A jewel of India's metro-rail story, Delhi Metro has consistently been making headlines. The most recent came with the opening of the Janakpuri West-Kalkaji Mandir stretch of the Magenta Line. With construction work having commenced in phases in 2012, the first section of the entire stretch (from Kalkaji Mandir to Botanical Garden) was opened in December 2017, while the rest was completed in May 2018. The overall construction cost of Delhi Metro's Phase-3 has been about Rs 450 billion. On the 24.82-km corridor from Janakpuri West to Kalkaji Mandir, there are 16 stations, of which two are elevated, while the others are underground. The section is characterised by multimodal integration, including drop off points for e-rickshaws and auto rickshaws, bus bays, and paid area connectivity with earlier stations.
Equipment and technologies While the total underground stretch is 21.8 km, the elevated section is 2.9 km. 'The underground stations were built through the cut-and-cover method', says Anuj Dayal, Executive Director, Corporate Communication, Delhi Metro Rail Corporation (DMRC). For the tunnelling work of the corridor, tunnel boring machines (TBMs) were used, while for the construction of the elevated stretches, launching girders were used to launch the segments.
Nine pedestrian subways have also been constructed on the Outer Ring Road, which are part of the entry and exit structures of the stations.
The subways were built using box-pushing technology without any excavation. The new metro tunnel at Hauz Khas is about 29-m-deep at a point just after the station; this has passed 3 m below the existing tunnel. Proper measures were taken to prevent any movement of the existing tunnel. Settlement chances were prevented through grouting.
A D-wall was constructed around the existing tunnel to provide support while the new tunnel was being created. Adequate instrumentation to monitor the movement of the existing tunnel was also done.
Some building materials used in the construction of the project include concrete of grades M40, M50 and M60; cement of grade-53; fly-ash bricks; and TMT 500 rods.
Planned for convenience Passenger convenience has been given utmost priority in planning the structures. Multimodal integration has been done in most stations where drop-off points for e-rickshaws, auto rickshaws, etc, have been provided. Bus bays have also been provided wherever feasible. The interchange stations at Janakpuri West and Hauz Khas have paid area connectivity with the earlier stations. At Janakpuri West, escalators with the highest elevation in India (15.65 m) have been installed. All stations have escalators and lifts to connect the platforms with the concourse, and then the concourse with the entry and exit points.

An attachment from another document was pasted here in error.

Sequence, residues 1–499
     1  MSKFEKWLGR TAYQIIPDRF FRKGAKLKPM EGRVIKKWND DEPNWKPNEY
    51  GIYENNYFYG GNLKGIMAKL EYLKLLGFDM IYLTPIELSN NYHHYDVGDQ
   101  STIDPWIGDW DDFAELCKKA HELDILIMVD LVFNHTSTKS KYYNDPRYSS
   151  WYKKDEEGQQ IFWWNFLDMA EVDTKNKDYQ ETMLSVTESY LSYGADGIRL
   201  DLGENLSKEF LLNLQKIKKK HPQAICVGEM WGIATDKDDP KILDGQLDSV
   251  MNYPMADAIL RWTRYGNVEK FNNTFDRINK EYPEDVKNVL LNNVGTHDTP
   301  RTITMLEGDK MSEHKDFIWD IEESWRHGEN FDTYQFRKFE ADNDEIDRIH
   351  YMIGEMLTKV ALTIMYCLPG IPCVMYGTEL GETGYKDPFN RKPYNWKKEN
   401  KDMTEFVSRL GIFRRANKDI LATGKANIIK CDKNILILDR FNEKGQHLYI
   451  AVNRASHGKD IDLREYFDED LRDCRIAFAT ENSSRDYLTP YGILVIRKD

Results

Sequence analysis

Building green All stations of Delhi Metro's Phase-3 have been designed on environment-friendly lines.
'Elements such as optimum use of natural light, adequate greenery around stations and the use of completely fireproof material have been incorporated in the stations,' says Dayal. All stations have been certified as 'Platinum' by the Indian Green Building Council (IGBC) for adherence to green building norms. Additionally, Delhi Metro also installs solar power plants on its stations and structures wherever possible.
Safety first Further, during construction work, all possible safety and environment protection measures were ensured. Dayal says, 'DMRC has a detailed safety, health and environment (SHE) manual, which lays down clear-cut guidelines to contractors.' Penalties are imposed on contractors if workers are found without proper safety equipment. Safety training and other sensitisation programmes are also mandatory for workers and regular inspections are held to check whether the sites are emanating dust. 'For senior citizens and the specially challenged, all stations have wheelchairs, lifts and escalators for smooth movement,' adds Dayal. 'Tactile paths have been provided to ensure that the visually challenged can easily move in the system.'